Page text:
besides, respondents can recover damages in the criminal case against him.

Respondents counter that as Macasasas employer, petitioner was presumed

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negligent in selecting and supervising Macasasa after he was found negligent by the
Court of Appeals.

The records show that Macasasa violated two traffic rules under the Land
Transportation and Traffic Code. First, he failed to maintain a safe speed to avoid
[16]
endangering lives. Both the trial and the appellate courts found Macasasa
[17]
overspeeding. The records show also that Soriano was thrown five meters away
[18]
after he was hit. Moreover, the vehicle stopped only some 25 meters from the
[19]
point of impact.

Both circumstances support the conclusion that the FX vehicle driven by Macasasa was
overspeeding. Second, Macasasa, the vehicle driver, did not aid Soriano, the accident
[20]
victim, in violation of Section 55, Article V of the Land Transportation and Traffic
Code. While Macasasa at first agreed to bring Soriano to the hospital, he fled the scene
in a hurry. Contrary to petitioners claim, there is no showing of any factual basis that
Macasasa fled for fear of the peoples wrath. What remains undisputed is that he did not
report the accident to a police officer, nor did he summon a doctor. Under Article
[21]
2185 of the Civil Code, a person driving a motor vehicle is presumed negligent if at
the time of the mishap, he was violating traffic regulations.

While respondents could recover damages from Macasasa in a criminal case and
petitioner could become subsidiarily liable, still petitioner, as owner and employer, is
directly and separately civilly liable for her failure to exercise due diligence in
[22]
supervising Macasasa. We must emphasize that this damage suit is for the quasi-
delict of petitioner, as owner and employer, and not for the delict of Macasasa, as
driver and employee.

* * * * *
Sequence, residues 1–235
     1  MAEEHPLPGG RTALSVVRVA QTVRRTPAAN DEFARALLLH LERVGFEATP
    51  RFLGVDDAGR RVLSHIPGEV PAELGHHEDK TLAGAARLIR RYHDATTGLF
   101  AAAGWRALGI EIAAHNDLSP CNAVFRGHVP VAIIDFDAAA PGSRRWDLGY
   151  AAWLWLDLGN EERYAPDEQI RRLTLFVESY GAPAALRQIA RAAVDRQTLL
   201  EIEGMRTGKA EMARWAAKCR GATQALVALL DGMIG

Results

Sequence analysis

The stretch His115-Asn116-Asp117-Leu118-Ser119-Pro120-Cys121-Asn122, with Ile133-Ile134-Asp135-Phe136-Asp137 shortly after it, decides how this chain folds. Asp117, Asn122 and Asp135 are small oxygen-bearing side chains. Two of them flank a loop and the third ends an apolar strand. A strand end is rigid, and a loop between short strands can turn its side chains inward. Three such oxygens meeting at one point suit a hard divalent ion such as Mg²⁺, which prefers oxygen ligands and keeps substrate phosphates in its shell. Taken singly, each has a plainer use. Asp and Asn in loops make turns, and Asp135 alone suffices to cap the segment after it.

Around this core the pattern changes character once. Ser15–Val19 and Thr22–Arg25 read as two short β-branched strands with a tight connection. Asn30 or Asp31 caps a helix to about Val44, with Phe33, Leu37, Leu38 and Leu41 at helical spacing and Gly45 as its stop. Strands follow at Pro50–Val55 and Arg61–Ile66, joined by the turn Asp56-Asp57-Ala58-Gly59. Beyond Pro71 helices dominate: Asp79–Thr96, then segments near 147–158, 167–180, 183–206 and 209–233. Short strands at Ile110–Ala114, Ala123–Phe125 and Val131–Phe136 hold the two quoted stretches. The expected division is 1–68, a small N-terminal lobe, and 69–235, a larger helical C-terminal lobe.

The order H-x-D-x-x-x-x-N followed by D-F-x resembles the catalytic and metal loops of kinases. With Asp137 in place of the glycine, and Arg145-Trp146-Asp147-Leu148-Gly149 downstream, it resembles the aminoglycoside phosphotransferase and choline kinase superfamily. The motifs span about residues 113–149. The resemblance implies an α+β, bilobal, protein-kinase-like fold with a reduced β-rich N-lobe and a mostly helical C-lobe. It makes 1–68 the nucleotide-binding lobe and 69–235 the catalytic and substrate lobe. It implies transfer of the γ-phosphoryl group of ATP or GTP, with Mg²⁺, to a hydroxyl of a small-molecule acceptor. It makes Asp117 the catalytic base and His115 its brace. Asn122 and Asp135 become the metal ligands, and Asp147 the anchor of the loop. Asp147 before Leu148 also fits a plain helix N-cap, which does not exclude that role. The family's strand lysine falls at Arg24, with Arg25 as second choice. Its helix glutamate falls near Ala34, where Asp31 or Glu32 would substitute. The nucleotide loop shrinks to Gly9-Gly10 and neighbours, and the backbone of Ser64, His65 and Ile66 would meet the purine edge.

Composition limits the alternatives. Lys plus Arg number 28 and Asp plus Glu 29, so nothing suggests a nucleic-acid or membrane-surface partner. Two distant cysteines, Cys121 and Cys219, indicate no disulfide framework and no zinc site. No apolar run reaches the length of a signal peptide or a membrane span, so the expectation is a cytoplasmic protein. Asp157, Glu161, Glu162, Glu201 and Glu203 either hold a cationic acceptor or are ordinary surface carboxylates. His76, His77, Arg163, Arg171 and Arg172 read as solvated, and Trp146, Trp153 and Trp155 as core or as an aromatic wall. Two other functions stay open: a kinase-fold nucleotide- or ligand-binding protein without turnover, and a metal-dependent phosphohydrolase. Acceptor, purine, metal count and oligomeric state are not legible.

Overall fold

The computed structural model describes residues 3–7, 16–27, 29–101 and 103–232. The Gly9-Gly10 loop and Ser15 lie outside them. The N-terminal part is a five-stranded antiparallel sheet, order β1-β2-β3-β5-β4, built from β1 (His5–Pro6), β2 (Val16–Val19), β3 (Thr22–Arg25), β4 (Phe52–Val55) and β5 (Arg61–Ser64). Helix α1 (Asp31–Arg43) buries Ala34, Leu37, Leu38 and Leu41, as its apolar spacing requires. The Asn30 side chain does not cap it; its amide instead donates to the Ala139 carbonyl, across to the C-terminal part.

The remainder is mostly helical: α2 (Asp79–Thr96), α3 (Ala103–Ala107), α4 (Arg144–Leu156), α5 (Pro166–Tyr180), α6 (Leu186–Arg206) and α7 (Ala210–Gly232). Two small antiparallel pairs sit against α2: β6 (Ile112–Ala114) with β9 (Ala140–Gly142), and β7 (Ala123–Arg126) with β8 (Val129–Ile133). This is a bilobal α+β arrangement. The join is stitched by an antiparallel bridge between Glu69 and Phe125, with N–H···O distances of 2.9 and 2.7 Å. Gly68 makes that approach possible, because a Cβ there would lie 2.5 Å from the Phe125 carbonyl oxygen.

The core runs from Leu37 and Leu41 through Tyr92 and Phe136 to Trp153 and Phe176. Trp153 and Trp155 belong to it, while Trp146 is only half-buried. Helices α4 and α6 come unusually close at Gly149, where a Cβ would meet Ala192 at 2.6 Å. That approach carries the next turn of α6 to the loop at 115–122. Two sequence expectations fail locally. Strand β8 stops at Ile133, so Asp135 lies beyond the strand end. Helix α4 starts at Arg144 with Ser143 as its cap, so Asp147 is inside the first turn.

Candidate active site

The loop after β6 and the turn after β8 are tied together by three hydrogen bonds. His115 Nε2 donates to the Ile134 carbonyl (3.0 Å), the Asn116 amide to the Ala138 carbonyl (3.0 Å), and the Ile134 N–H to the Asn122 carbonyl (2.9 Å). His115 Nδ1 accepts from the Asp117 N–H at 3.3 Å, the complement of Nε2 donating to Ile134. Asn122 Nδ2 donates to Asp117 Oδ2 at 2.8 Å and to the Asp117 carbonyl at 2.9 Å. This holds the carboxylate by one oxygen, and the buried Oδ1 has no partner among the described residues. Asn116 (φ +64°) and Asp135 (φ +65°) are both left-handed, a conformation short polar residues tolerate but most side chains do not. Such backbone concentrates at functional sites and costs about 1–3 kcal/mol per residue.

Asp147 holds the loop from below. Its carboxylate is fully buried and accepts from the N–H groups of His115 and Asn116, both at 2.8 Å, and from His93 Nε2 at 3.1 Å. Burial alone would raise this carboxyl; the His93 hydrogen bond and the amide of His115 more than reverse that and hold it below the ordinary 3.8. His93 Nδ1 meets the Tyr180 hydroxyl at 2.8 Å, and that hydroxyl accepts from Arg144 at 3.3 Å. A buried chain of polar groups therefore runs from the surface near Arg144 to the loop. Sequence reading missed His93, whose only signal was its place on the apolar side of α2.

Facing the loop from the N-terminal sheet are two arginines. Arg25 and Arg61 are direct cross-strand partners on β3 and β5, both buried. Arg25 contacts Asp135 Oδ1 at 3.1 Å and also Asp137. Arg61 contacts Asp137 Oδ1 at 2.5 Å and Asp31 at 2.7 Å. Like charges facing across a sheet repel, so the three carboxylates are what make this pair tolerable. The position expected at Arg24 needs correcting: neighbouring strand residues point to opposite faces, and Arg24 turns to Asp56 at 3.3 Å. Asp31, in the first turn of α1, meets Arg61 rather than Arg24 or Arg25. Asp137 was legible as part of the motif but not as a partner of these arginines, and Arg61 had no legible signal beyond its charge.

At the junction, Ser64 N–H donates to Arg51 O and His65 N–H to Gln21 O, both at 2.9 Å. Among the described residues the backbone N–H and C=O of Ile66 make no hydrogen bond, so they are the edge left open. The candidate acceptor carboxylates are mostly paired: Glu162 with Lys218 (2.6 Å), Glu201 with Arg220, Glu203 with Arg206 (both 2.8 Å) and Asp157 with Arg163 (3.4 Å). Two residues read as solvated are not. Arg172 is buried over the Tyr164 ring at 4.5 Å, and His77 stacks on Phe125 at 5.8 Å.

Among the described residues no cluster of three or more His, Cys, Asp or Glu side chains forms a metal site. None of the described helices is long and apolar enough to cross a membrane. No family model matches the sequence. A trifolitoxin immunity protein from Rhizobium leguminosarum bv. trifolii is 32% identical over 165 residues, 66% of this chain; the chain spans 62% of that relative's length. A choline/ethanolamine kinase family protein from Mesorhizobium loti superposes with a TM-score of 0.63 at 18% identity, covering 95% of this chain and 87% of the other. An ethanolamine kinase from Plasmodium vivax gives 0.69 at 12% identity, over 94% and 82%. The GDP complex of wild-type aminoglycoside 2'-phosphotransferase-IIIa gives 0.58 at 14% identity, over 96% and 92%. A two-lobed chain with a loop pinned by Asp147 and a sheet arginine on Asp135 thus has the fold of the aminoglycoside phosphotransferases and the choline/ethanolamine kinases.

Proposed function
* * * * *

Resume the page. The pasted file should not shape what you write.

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Under Article 2180 of the Civil Code, employers are liable for the damages caused by
their employees acting within the scope of their assigned tasks. The liability arises due
to the presumed negligence of the employers in supervising their employees unless
they prove that they observed all the diligence of a good father of a family to prevent
the damage.

In this case, we hold petitioner primarily and solidarily liable for the damages caused by
[23] [24]
Macasasa. Respondents could recover directly from petitioner since petitioner
failed to prove that she exercised the diligence of a good father of a family in
[25]
supervising Macasasa. Indeed, it is unfortunate that petitioner harbored the notion
that the Regional Trial Court did not have jurisdiction over the case and opted not to
present her evidence on this point.

Lastly, we agree that the Court of Appeals did not err in ruling that Soriano was
guilty of contributory negligence for not using the pedestrian overpass while crossing
Commonwealth Avenue. We even note that the respondents now admit this point, and
concede that the appellate court had properly reduced by 20% the amount of damages it
[26]
awarded. Hence, we affirm the reduction of the amount earlier awarded, based on
Article 2179 of the Civil Code which reads:
When the plaintiff's own negligence was the immediate and proximate cause of
his injury, he cannot recover damages. But if his negligence was only contributory, the
immediate and proximate cause of the injury being the defendant's lack of due care, the
plaintiff may recover damages, but the courts shall mitigate the damages to be awarded.

WHEREFORE, we DENY the petition for lack of merit and hereby AFFIRM
the Decision dated November 17, 2003 and the Resolution dated May 24, 2004 of the
Court of Appeals in CA-G.R. CV No. 69037.

Costs against petitioner.

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SO ORDERED.

LEONARDO A. QUISUMBING
Acting Chief Justice

WE CONCUR:

ANTONIO T. CARPIO
Associate Justice

(On official leave)


CONCHITA CARPIO MORALES DANTE O. TINGA